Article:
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UMassOnline launches three additional online programs

Coming less than 90 days after separate announcements last November that saw the launch of the nation’s first fully-online Master of Public Health in Nutrition program as well as ten new programs featuring blended learning innovations pioneered by University of Massachusetts faculty and program developers, UMassOnline CEO David Gray today announced the formal launch of three more new, online study concentrations. These new programs include a collaborative concentration in Arts Administration – the first and only program of its kind in the nation – as well as concentrations in the rapidly changing fields of Journalism Studies and Health and Human Services.

“These new program developments,” said Gray, “are a result of our ongoing commitment to remain in the forefront of innovative online offerings in step with extremely high-growth fields. In emerging disciplines where sweeping changes are happening rapidly and the demand for highly educated professionals continues to grow, the most rewarding career opportunities favor those with the most advanced knowledge and best contemporary understanding of the requirements for success.”

“Today’s leading colleges and universities with a genuine interest in providing quality online programs have an obligation to go well beyond the mere packaging of long-established traditional courses with baseline delivery technology. In addition to the requirement that the technology significantly enhance and enrich the learning experience, the program offerings themselves must remain contemporary, reflective of the real world, and ever-evolving to meet and exceed growing demands for leading professionals to have the contemporary knowledge demanded of the new career opportunities.”

All three of the new offerings were developed by UMass Amherst’s University Without Walls (UWW) program which, for 37 years, has been at the forefront of groundbreaking degree completion programs for adult learners. Applications for the new concentrations are currently being accepted for fall 2008 with individual courses available now.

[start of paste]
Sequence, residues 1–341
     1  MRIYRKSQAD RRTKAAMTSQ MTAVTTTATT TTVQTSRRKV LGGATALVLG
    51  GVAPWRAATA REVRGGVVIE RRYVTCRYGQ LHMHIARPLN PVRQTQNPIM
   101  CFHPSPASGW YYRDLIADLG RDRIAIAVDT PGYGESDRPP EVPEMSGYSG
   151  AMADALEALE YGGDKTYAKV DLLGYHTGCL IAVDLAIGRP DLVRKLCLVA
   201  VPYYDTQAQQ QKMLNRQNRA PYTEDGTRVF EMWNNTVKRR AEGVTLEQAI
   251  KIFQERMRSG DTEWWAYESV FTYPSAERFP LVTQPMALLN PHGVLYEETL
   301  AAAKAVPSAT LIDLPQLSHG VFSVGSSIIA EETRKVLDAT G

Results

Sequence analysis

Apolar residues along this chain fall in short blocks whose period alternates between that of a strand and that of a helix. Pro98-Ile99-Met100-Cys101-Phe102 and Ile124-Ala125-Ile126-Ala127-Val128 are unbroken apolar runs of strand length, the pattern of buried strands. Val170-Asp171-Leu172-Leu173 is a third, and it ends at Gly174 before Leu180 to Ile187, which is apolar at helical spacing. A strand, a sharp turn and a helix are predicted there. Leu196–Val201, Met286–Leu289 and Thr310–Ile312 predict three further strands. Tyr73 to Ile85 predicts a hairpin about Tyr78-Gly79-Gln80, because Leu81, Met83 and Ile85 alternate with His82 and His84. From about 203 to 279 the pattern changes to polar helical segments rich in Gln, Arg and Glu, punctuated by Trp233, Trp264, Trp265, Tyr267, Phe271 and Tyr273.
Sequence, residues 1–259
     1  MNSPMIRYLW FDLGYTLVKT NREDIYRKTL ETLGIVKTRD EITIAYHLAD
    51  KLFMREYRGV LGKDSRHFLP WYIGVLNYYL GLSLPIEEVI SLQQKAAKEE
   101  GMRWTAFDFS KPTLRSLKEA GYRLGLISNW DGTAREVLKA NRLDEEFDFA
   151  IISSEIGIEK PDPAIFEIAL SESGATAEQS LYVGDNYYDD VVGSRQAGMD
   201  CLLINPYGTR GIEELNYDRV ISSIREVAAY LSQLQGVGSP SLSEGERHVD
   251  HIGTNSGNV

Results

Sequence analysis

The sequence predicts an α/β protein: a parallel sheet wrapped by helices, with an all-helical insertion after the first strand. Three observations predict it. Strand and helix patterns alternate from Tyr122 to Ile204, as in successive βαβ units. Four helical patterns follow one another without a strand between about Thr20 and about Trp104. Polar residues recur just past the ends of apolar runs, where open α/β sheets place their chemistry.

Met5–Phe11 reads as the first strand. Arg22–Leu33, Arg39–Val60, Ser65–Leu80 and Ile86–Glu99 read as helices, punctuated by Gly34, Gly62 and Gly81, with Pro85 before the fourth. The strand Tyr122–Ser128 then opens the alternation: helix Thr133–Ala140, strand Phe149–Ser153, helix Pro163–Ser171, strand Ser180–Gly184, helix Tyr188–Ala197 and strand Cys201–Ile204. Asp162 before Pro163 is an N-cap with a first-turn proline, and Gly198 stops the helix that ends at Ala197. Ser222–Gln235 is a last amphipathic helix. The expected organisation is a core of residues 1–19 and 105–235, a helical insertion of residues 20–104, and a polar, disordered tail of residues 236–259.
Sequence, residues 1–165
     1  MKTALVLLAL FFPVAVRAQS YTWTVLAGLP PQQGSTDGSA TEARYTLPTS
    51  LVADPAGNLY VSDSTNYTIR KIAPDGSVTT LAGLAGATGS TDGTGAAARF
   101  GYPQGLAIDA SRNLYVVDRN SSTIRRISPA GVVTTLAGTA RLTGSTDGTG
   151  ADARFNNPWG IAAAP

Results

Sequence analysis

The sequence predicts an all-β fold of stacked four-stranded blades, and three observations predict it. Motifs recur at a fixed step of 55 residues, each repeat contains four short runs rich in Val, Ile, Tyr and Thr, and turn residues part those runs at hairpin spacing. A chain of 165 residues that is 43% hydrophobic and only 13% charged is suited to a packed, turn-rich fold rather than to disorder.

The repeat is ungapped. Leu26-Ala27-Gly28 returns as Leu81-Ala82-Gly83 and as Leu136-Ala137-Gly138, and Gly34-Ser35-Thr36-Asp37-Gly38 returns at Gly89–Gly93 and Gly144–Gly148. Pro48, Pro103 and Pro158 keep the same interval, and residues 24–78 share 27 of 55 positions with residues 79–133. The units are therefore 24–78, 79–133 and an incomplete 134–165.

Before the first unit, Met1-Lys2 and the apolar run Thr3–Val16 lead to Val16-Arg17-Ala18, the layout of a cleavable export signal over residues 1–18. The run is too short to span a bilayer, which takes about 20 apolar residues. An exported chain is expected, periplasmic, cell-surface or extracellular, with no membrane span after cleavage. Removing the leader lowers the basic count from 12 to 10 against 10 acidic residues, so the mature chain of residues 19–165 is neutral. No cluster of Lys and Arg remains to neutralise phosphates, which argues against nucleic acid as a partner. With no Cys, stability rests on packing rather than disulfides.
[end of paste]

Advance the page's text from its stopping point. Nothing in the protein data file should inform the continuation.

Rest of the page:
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OAS, open campus in West Indies sign distance pact

The Organization of American States (OAS) and the University of the West Indies Open Campus (UWIOC) have signed a Memorandum of Understanding to help educators in the English-speaking Caribbean to promote democratic values and practices in their classrooms, schools and communities.

Under the agreement — signed concurrently at the OAS in Washington DC and at the UWI Mona Campus in Jamaica — a sustainable distance education course will be developed to implement the programme. Course content will be informed by the principles embodied in the Inter-American Democratic Charter, to which Caribbean Member States are signatories.

Initial seed funding for this three-year pilot project has been provided by the Canadian International Development Agency (CIDA) and participating member states are expected to identify supplemental funding and provide modest counterpart resources.

In July 2007, a number of Caribbean stakeholders, including representatives from Ministries of Education, educational institutions and affiliated organizations, civil society and international organizations, met in Barbados to provide feedback on the project and to discuss the proposed content of the distance course and the key considerations that should inform its development.

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Empowered Education Awards

Having the chance to give talented young people a rich learning experience that expands their horizons with technology while deepening their understanding of how America works is a satisfaction perhaps unique to those in the education field. When that learning experience can advance the cause of education at the same time, the opportunity becomes sweeter still. Educators can participate in just such an experience by introducing budding videographers in their schools to the Empowered Education awards, a video program of the eSchool News Network, produced with support from the Pearson Foundation. To qualify, students make a three-to-five minute original video on the theme of "How Technology Helps Me Learn." Winning entries will be those produced by students in the best journalistic style illustrating how their schools or colleges are employing technology to advance learning. Each nomination must be endorsed by an education sponsor representing the institution the students attend. Permission to travel must be obtained from a parent or guardian for student winners under 18 years of age. A panel of nationally recognized experts will select 12 finalists (three from each education level) and four Top Winners. The works of these finalists will be posted at eSchool News Online, where they may be viewed by the site’s 350,000 unique monthly visitors, including 188,000 registered members. The finalists and their video productions also will be covered in the print, PDF, and online editions of eSchool News, which is read and visited by more than 600,000 education leaders, with bonus distribution at major ed-tech conferences.